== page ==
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Sephardic Jews, also known as Sephardi Jews or Sephardim, are a Jewish ethnic group whose roots are in Sepharad, Spain, or the Iberian Peninsula.

Historically, Sephardim settled throughout what is now Spain and Portugal, establishing distinctive Sephardic communities, where they remained until they were exiled in the late 1400s, moving to Anatolia, southern and southeastern Europe, northern Africa, North and South America, and elsewhere.

Today, traditionally Eastern Jewish people of West Asia and beyond are often referred to as Sephardim, although they are genealogically unrelated to the Sephardic people of Spain. The reason for this is that they have adopted a style of liturgy similar to the Sephardic liturgies, as well as Sephardic traditions and laws, gained through centuries of contact with Sephardic exiles and their progeny.

Thus, in the narrower, ethnic sense, a Sephardic Jew is one who is descended from those who lived on the Iberian Peninsula in the late 1400s

However, in the larger, religious sense, a Sephardic Jew is one that excludes ethnic considerations, applying to any Jew who follows the Sephardi religious customs and traditions. In that sense, the Sephardim include most non-Ashkenazi Jews who use a Sephardic style of liturgy. This includes most of the Mizrahi Jews, whose origins are in the Middle East.

Several divisions occurred within the original Sephardi Jews as a result of the edicts of expulsion from Spain and Portugal. They were given three options: to convert to Catholicism and be permitted to remain, to remain Jewish and be expelled by the stipulated deadline, or to be subject to execution. By the late 1400s, more than half of the Jews in Spain had already chosen to convert, and were therefore not subject to the decrees.

Those who chose to remain Jewish were subject to expulsion through a series of decrees, and they were divided according to the parts of the world in which they eventually settled, including those who chose to convert to Catholicism but later reverted to Judaism after leaving Iberia.

Today, Sephardi Jews are divided by a combination of geographic considerations, Jewish identity, religious evolution, language, and chronology.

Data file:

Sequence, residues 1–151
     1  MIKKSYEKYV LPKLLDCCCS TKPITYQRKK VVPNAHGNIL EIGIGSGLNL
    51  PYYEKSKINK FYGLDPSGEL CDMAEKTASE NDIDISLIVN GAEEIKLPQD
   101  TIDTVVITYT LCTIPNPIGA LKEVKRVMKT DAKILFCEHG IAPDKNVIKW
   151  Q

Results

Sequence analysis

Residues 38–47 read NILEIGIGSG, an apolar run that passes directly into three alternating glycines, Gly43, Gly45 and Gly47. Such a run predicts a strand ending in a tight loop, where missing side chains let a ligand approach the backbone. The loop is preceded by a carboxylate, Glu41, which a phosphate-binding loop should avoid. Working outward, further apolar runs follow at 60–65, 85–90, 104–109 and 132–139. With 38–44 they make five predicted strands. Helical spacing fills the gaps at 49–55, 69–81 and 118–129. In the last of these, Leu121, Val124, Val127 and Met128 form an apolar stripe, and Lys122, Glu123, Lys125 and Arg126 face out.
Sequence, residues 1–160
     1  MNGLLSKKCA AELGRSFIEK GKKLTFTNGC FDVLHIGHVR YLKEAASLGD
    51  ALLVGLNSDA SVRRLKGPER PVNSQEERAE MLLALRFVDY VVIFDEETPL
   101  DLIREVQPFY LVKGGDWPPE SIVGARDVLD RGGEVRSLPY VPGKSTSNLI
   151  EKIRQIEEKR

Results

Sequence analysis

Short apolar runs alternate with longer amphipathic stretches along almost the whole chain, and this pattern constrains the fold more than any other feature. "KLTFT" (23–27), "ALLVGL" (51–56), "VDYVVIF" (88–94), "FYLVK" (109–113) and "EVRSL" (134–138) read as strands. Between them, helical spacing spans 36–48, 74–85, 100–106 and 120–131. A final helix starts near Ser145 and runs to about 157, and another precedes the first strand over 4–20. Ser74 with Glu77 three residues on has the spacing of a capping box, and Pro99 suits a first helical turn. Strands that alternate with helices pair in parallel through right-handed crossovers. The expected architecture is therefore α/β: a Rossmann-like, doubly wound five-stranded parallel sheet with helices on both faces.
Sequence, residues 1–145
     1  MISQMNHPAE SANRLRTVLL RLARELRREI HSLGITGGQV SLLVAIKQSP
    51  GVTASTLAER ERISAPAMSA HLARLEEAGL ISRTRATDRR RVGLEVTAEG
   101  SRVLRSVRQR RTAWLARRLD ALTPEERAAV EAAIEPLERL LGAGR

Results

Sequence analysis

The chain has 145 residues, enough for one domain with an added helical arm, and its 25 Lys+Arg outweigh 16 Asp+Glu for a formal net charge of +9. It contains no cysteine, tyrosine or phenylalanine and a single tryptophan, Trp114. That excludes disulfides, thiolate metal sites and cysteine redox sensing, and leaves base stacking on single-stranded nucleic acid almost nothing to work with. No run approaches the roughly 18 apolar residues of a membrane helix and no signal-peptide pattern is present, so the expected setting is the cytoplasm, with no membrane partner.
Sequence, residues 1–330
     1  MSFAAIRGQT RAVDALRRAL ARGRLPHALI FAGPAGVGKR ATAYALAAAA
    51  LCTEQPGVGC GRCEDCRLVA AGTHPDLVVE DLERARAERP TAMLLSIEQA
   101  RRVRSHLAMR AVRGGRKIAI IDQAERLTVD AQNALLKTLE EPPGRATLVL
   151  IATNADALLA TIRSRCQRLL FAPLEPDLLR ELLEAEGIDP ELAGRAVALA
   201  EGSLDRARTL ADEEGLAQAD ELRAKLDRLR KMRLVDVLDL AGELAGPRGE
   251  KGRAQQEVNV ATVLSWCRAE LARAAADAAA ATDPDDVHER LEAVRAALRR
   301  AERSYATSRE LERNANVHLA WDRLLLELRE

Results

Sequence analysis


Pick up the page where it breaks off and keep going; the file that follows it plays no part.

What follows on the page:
Common divisions among the Sephardic Jews include Eastern Sephardim, who are those who left Spain as Jews in 1492 or before. They settled various parts of what was then the Ottoman Empire.

The North African Sephardim left Spain as Jews in 1492, settling in North Africa, except for Egypt, eventually adopting a form of Judeo-Arabic as a language. Several of these leter emigrated back to the Iberian Peninsula.

The Western Sephardim are those whose families subjected themselves to conversion to Catholicism, thus being allowed to remain in Spain and Portugual, later reverting to Judaism or practicing Judaism in secret all along. Due to continued persecution, some of these later emigrated to more tolerant countries in Western Europe.

The Sephardic Bnue Anusim are descendants of Spanish and Portuguese Jews who assimilated to Catholicism, moving to Iberian colonial possessions in South America or Mexico. In the past two decades, many of these are rediscovering their Jewish heritage. Most of them have surnames that were known to have been used by Sephardim during the 15th century, but which are not specifically Sephardic.

Relations between Sephardi and Ashkenazi Jews have been tense, with each claiming the inferiority of the other, although there have been intermarriages.

As both Sephardi and Ashkanazi Jews originated from the ancient Iraqi and Iranian Jews in the Mediterranean basin, they are genetically close.

The practice of Judaism by the Sephardim follows the same traditions of worship, but with different ethnic or cultural traditions. The Sephardic Rite is not truly a religious movement or denomination in the manner of Conservative, Orthodox, Reconstructionist, or Reform. Rather, the Sephardim consists of various Jewish communities with distinct cultural, judicial, and philosophical traditions.

However, for the sake of categorization, we will list them here as a denomination or sect, while recognizing that they are not truly such.

Sephardic Jews accept the Torah, as interpreted and supplemented by the Talmud. The Torah forms the basis for law.

The Sephardi Jews are descendants of those who originally followed the Judaean or Galilaean Jewish religions traditions, while the Ashkanazi Jews followed the Babylonian Jewish traditions.

When they were expelled from Spain and Portugal, the Sephardim took their liturgy with them to the various parts of the world where they settled, and soon assumed rabbinic and other leadership positions. They formed their own distinct communities, but the native Jewish communities often adopted Sephardic liturgies.



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